When your competition emerges from a different league each week, your success can only be measured in raw numbers.

Recovering from its last error-prone performance, the Yale gymnastics team scored more points at this weekend’s New Hampshire Invitational than current Ivy champion Cornell did at last weekend’s Ivy Classic. But Yale’s 192.100 score, up from a disappointing 188.000 at Ivies, would not be enough to keep the Bulldogs out of last place among the four teams competing in New Hampshire.

Still, even though the University of New Hampshire pulled down a season-high 195.275 score to win the meet, the remaining team results came back fiercely close.

West Virginia came in second with 193.075 points, less than a point in front of Yale. Pittsburgh finished third with a 192.575 score, ahead of Yale by less than half a point.

“This was an important meet for us after a dismal performance at Ivies,” Kathryn Fong ’05 said. “We came out with our second highest team score of the season against some big schools.”

Fong placed 6th overall in the meet against some of the country’s most accomplished gymnasts. Her final 38.475 out of 40 possible points included a powerhouse floor exercise that earned her a 9.825 score.

“When I glanced over now and then, Yale was doing an excellent job,” New Hampshire head coach Gail Goodspeed said. “I have always enjoyed watching Kathryn Fong — I watched her floor routine and loved it.”

Yale head coach Barbara Tonry, who was generally enthusiastic about Yale’s performance, also singled out the team’s “outstanding” floor exercise for special mention.

“After the first rotation on the floor we were in first place,” Tonry said. “The other teams stood up and took notice.”

Yale similarly shone on uneven bars, finishing second. Fong, Jamie Green ’04, Shoshanna Engel ’03 and Andrea Wolf ’03 all brought home a 9.725 or higher in the event.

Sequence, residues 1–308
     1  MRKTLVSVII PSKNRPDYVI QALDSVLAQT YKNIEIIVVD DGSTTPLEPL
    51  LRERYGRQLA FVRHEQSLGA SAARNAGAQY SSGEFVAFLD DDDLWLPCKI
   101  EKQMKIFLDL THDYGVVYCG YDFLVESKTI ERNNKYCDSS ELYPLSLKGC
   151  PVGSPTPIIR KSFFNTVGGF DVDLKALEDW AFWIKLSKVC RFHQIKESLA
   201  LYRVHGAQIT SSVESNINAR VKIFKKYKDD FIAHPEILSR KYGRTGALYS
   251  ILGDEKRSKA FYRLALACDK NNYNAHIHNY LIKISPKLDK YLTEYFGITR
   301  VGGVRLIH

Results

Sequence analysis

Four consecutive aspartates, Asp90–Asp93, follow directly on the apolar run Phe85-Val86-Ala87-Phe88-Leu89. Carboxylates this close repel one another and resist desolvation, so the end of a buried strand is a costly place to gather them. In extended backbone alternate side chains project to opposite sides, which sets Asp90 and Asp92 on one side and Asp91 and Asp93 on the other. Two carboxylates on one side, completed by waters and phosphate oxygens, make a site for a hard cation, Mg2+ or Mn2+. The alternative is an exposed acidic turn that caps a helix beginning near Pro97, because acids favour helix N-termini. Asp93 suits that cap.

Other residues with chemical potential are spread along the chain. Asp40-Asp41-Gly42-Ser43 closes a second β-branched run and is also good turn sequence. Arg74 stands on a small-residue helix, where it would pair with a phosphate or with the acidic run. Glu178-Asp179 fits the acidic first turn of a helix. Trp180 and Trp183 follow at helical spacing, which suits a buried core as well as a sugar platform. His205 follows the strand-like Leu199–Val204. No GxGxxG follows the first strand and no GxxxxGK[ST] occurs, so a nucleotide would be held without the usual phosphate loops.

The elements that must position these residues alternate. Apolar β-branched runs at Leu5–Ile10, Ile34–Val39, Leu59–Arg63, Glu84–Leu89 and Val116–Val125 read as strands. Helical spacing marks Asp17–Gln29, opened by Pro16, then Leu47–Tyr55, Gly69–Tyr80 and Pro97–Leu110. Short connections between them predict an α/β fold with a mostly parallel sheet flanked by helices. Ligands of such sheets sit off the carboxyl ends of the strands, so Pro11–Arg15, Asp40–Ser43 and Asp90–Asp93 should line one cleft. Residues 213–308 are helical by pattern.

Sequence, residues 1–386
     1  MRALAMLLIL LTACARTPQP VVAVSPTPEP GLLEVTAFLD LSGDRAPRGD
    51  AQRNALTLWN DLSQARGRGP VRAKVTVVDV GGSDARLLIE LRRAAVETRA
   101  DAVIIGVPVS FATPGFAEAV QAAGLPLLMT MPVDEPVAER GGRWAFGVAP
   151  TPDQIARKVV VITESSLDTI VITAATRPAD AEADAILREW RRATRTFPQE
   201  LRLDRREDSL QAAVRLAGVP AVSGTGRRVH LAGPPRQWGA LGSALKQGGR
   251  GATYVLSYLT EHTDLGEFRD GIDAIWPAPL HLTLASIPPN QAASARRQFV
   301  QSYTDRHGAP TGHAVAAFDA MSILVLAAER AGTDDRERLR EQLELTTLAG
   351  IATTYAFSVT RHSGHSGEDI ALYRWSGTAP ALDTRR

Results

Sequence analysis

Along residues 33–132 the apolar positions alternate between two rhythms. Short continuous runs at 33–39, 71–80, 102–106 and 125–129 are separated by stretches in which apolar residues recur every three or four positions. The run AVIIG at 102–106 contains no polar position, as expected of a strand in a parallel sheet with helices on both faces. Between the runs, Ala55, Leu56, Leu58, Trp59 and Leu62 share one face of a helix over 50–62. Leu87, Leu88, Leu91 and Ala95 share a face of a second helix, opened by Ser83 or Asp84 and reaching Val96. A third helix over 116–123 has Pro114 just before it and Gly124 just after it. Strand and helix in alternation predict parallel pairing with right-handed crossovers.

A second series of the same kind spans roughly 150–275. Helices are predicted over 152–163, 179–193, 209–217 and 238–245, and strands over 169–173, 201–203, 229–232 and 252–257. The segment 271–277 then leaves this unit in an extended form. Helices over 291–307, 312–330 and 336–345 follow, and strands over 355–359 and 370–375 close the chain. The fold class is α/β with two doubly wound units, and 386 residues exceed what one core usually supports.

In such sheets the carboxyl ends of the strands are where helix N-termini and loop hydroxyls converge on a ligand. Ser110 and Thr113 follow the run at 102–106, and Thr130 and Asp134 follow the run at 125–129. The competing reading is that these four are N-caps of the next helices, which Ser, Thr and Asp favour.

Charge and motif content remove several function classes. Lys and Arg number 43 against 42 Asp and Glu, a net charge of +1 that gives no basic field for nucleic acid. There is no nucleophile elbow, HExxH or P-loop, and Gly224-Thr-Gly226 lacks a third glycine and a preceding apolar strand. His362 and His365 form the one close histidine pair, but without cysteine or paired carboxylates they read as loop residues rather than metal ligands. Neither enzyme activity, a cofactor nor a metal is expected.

“We hit bars cold,” said Tonry. “We gave a beautiful [performance].”

Yale gymnasts took this meet’s success as a sign that their mental form was finally coming into line with their consistent physical confidence.

“We need to focus on routines rather scoring or winning,” Fong said. “That’s what we did in this meet. We put less pressure on ourselves, and it worked.”

Engel agreed that the team’s step-by-step method helped take some of the pressure off in New Hampshire.

“Our motivation going into this meet was to just perform at a consistent level with how we perform in training,” she said. “We have been training really well, lately.”

The team has two more invitational meets in which to gather still higher scores before qualifying for the NCAA Regionals becomes an issue. The last spot is still up for grabs, and the competition for it is down to three teams.

“Either Yale, [the University of] Rhode Island, or Rutgers will go to Regionals,” said Yale team captain Caroline Pignatelli ’02.

Coach Tonry, who was baffled by the team’s failure to win at Ivies, said her faith in Yale’s immense potential was reaffirmed in this meet. She added that Yale’s chances at making Regionals are good and getting better.

“When we don’t have nerves going, we can get into a groove,” Tonry said. “We had a late start building confidence this year, but we’ve got it now.”